The Company applies the provisions of ASC 820, Fair Value Measurements and Disclosures, which provides a single authoritative definition of fair value, sets out a framework for measuring fair value and expands on required disclosures about fair value measurement. Fair value represents the exchange price that would be received for an asset or paid to transfer a liability in the principal or most advantageous market for the asset or liability in an orderly transaction between market participants on the measurement date. The Company uses the following hierarchy in measuring the fair value of the Company’s assets and liabilities, focusing on the most observable inputs when available:
•Level 1 Quoted prices in active markets for identical assets or liabilities.
•Level 2 Observable inputs other than Level 1 quoted prices, such as quoted prices for similar assets and liabilities in active markets, quoted prices in markets that are not active for identical or similar assets and liabilities, or other inputs that are observable or can be corroborated by observable market data for substantially the full term of the assets or liabilities.
•Level 3 Valuations are based on inputs that are unobservable and significant to the overall fair value measurement of the assets or liabilities. Inputs reflect management’s best estimate of what market participants would use in pricing the asset or liability at the measurement date. Consideration is given to the risk inherent in the valuation technique and the risk inherent in the inputs to the model.
Valuation techniques used to measure fair value must maximize the use of observable inputs and minimize the use of unobservable inputs. The following table summarizes the Company’s assets and liabilities that are measured at fair value on a recurring basis as required by ASC 820, by level, within the fair value hierarchy as of September 30, 2022 and December 31, 2021 (in thousands):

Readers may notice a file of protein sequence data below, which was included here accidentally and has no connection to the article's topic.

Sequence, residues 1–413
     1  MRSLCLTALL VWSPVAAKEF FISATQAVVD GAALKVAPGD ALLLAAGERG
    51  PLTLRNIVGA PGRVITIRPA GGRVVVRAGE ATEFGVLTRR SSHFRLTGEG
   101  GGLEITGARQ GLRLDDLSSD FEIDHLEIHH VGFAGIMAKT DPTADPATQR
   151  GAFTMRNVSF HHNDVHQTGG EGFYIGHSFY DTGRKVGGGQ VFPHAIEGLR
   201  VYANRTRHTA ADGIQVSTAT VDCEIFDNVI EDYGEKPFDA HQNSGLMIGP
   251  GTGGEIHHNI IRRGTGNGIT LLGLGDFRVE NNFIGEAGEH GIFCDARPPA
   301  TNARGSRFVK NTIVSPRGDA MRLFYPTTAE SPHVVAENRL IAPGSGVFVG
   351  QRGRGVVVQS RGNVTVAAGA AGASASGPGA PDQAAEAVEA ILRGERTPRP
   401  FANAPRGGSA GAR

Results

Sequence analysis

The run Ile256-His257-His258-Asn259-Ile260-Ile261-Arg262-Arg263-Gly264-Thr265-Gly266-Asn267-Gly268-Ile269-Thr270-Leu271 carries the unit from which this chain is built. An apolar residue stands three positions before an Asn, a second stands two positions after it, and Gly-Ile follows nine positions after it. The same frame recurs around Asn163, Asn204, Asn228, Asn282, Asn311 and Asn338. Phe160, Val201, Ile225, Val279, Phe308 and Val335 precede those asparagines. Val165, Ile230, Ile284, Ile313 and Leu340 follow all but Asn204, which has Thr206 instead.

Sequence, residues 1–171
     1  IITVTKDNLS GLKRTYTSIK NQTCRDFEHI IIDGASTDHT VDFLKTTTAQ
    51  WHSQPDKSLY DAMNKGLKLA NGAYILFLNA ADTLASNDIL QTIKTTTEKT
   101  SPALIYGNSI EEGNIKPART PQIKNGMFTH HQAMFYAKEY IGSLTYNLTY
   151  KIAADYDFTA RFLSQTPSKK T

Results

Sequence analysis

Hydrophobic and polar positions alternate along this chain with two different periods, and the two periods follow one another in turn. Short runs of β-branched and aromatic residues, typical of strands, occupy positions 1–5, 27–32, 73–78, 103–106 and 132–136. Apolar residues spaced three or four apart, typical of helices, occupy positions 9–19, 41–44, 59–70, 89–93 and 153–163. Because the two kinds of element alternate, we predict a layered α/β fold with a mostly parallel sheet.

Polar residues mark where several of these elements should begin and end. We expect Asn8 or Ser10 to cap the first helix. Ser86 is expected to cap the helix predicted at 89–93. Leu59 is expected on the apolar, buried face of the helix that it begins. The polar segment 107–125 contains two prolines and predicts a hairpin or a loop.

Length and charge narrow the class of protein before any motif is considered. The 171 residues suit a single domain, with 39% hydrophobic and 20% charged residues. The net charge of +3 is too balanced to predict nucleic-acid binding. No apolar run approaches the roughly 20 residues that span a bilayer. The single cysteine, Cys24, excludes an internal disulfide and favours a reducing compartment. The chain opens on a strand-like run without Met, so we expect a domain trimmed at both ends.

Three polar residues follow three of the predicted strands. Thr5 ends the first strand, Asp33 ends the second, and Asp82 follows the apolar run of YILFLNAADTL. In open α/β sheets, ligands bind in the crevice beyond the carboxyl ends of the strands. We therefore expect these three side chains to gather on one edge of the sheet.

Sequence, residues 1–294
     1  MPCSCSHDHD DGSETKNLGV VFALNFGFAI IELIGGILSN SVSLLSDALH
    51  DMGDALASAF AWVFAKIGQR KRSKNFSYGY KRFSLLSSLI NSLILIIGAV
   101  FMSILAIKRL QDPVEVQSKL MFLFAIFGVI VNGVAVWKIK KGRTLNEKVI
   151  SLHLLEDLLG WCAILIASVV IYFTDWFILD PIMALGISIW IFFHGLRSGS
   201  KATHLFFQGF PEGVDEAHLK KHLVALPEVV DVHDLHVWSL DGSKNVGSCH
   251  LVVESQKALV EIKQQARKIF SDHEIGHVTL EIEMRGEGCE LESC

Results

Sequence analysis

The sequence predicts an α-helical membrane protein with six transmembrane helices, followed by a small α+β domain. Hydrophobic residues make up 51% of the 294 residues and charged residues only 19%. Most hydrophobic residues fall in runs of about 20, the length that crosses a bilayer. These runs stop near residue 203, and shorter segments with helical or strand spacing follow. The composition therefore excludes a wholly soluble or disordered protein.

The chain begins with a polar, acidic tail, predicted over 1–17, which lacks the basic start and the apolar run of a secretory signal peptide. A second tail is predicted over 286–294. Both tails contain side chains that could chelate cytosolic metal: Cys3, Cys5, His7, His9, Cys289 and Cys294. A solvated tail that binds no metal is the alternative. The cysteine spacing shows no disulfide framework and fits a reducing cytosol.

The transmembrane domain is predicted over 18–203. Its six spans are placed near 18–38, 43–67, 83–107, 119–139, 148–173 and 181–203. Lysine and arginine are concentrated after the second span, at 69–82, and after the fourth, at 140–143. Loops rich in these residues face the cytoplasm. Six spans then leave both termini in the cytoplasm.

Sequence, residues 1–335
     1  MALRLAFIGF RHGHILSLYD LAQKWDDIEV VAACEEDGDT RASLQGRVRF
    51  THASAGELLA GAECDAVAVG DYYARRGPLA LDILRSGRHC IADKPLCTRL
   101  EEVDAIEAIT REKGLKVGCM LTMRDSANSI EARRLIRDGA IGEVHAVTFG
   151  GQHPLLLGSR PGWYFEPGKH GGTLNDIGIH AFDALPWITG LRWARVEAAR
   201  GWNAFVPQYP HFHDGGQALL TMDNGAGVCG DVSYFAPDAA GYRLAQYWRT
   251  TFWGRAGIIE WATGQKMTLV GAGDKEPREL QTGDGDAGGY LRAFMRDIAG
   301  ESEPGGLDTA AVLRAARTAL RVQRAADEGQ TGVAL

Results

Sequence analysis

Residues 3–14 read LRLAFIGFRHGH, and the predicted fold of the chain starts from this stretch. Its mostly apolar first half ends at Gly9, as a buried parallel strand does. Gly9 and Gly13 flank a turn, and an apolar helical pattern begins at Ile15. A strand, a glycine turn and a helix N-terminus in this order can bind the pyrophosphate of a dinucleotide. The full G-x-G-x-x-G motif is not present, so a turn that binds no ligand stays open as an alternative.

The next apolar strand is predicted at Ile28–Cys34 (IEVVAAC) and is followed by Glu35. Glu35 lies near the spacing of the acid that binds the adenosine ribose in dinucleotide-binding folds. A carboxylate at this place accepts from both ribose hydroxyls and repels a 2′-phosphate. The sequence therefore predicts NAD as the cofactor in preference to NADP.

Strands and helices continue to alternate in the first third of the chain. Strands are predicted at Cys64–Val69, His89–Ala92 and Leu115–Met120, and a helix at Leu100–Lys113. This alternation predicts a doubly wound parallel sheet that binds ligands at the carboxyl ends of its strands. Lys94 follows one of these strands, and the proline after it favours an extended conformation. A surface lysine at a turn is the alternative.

|September 30, 2022|
|Fair Value||Level 1||Level 2||Level 3|
|Contingent earnout shares liability||$||6,188||$||—||$||—||$||6,188|
|December 31, 2021|
|Fair Value||Level 1||Level 2||Level 3|
|Contingent earnout shares liability||$||29,057 ||$||— ||$||— ||$||29,057 |
The Company's financial assets and liabilities not measured at fair value on a recurring basis include cash and cash equivalents, restricted cash, short-term debt, accounts payable, and other current liabilities and are reflected in the financial statements at cost. Cost approximates fair value for these items due to their short-term nature.
Earnout Shares Liability
The Company has a contingent obligation to issue 15.0 million shares of Common Stock to certain stockholders and employees upon the achievement of certain market share price milestones within specified periods (the “Earnout Shares”). Upon the occurrence of a bankruptcy or liquidation, any unissued Earnout Shares would be fully issued regardless of whether the share price target has been met.
The Earnout Shares are accounted for as a contingent liability and its fair value is determined using Level 3 inputs, since estimating the fair value of this contingent liability requires the use of significant and subjective inputs that may and are likely to change over the duration of the liability with related changes in internal and external market factors. The tranches were valued using the Monte Carlo simulation of the stock prices based on historical and implied market volatility of the Company.
Following is a summary of the change in fair value of contingent earnout shares liability for the nine months ended September 30, 2022 (in thousands).
Beginning fair value at December 31, 2021
|Change in fair value during the period||(22,869)|
Ending fair value at September 30, 2022